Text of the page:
The amount has dropped from 0.1g/ml to the actual scientifically-encouraged standard of 0.01g/ml – even if the scientific opinion of the EFSA (European Food Safety Authority) is: “A precise threshold for lactose intake below which adverse effects are not elicited cannot be given.”
There are still dairy products on the market serving just the 0.1g/ml threshold, however, in future, dairy markets will move toward 0.01g/ml.
This readjustment helps people with severe lactose intolerance, but means a greater challenge for dairies, as methods for precisely controlling and verifying a 0.01% lactose threshold – like ion chromatography or high-performance liquid chromatography - are quite laborious, slow and expensive, especially when not executed in-house.
Also, many current devices are not sensitive enough to detect a 0.01% lactose threshold.
Austrian company DirectSens GmbH has launched LactoSens 0.01%, a third-generation biosensor using a lactose-specific high-selective enzyme patented in 2015.
The company said the highly-precise enzymatic method is fast, accurate and traceable, specific, easy to use, flexible and cost saving.
The LactoSens 0.01% test – recently validated against HPLC - is a direct assay on a biochip that specifically measures lactose in minutes in milk and dairy products including yogurt, sour cream, cream cheese and mozzarella.
How it works
DirectSens product/innovation manager Dr Josef Michael Kienböck told DairyReporter 100μl of the diluted sample is applied to the disposable test strip so the circular sensor area carrying the immobilized enzyme is completely covered with sample.
The electrochemical measurement is based on amperometry: During the measurement, lactose in the sample is oxidized by the highly specific, genetically optimized enzyme cellobiose dehydrogenase (CDH) to lactobionic acid and the electrons resulting from the oxidation are captured by the potential-active LactoSens reader.
The software transmits the analytical signal according to the calibration function into a lactose concentration. No manual calibration is necessary because the calibration function is automatically taken from the QR-code indicated on each pack of single test strip.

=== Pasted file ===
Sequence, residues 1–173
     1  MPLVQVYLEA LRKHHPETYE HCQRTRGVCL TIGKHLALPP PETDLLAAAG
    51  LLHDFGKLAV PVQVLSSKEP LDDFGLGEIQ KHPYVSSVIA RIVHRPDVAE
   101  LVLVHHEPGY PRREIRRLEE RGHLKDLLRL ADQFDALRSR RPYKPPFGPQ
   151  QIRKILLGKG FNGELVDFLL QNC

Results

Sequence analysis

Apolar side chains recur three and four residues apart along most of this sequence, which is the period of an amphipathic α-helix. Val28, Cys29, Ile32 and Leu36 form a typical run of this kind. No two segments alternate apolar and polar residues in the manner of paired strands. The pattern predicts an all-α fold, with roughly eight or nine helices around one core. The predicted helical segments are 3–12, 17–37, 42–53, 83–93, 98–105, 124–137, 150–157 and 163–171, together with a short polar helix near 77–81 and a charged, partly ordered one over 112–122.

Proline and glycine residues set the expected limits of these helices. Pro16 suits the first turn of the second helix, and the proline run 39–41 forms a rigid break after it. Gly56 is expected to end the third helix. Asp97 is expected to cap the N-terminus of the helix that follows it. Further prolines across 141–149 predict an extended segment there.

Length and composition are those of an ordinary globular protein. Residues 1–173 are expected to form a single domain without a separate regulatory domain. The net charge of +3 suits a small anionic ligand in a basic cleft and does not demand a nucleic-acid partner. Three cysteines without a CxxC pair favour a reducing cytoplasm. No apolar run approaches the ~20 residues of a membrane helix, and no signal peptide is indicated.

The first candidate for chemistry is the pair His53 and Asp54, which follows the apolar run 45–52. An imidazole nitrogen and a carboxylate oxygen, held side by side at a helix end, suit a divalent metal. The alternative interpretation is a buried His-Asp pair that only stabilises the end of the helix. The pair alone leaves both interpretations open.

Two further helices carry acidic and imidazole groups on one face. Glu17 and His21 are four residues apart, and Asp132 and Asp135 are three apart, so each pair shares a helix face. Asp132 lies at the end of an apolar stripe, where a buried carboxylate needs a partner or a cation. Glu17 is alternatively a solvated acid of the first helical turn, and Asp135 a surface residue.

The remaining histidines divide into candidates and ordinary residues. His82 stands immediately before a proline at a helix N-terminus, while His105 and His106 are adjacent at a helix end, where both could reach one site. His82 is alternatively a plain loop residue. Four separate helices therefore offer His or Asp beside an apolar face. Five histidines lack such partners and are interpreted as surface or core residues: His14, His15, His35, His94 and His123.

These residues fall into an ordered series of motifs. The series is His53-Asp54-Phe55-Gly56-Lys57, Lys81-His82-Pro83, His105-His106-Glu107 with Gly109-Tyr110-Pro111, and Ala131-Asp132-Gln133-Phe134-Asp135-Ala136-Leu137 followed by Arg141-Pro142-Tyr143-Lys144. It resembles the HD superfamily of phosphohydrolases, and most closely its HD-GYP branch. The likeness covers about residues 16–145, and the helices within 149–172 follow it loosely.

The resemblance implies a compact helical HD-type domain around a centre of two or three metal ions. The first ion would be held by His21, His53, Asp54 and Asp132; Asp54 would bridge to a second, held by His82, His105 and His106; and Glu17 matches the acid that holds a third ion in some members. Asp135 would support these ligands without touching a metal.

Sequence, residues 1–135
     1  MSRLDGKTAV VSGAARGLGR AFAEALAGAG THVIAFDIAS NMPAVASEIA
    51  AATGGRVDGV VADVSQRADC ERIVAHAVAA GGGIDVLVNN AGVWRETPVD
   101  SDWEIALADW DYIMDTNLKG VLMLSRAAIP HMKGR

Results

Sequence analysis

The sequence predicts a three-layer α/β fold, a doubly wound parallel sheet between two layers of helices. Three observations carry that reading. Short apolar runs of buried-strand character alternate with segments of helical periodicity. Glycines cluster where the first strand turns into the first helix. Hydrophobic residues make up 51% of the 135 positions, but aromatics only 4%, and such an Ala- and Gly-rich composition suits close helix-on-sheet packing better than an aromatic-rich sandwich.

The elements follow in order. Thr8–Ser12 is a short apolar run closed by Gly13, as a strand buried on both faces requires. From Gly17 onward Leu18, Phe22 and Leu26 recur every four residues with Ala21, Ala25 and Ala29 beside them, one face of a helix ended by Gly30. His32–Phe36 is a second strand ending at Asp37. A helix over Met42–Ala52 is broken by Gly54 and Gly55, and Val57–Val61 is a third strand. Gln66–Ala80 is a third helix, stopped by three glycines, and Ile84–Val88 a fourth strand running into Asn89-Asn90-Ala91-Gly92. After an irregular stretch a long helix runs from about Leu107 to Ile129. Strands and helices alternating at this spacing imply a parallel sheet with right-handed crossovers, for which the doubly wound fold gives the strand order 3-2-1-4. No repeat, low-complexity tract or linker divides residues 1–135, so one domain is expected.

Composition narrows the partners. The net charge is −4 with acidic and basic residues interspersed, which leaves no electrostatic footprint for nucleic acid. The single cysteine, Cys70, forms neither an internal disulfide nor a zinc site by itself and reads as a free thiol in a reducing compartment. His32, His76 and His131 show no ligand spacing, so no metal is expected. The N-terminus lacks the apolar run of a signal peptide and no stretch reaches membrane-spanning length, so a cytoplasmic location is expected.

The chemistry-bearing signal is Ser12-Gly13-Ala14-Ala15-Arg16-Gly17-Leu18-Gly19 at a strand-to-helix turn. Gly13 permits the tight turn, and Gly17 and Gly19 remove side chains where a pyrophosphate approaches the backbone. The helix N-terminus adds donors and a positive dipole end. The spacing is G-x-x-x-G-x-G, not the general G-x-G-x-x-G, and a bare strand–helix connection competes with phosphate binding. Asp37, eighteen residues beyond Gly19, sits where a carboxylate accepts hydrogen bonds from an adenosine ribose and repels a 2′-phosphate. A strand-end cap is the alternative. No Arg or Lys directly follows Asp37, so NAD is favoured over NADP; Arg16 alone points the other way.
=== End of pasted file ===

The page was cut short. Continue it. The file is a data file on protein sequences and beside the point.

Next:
The results can be saved or exported to an Excel worksheet.
Kienböck said the NordVal International Institute of the Technical University of Denmark has confirmed and certified the LactoSens biosensor - in the sensitive range between 1% and 0.008% - as equivalent to the previously-used reference HPLC method.
In the study, in two ISO 17025 accredited laboratories the LactoSens biosensor was validated against the HPLC method. The NordVal validation study classified the LactoSens biosensor as the only rapid lactose test that performs satisfactorily for lactose levels of 0.008% and above with equivalent results to the reference HPLC method.
Kienböck noted that as the measurement process is completed in minutes, fast product release saves both labor time and money.
The easy-to-use method also makes it possible to document low lactose or lactose-free claims for every batch produced, and is specific as there is no interference from other sugars, such as glucose or galactose.
Kienböck added as there is no initial preparation and calibration of necessary, the portable device connects to any notebook.
Jes Jensen, director of testing and equipment at Chr Hansen, said, “LactoSens is ideal for both process control and product release in the dairy industries. 'It is the fastest and easiest method available, revolutionizing the way in which the dairy industry analyses lactose.”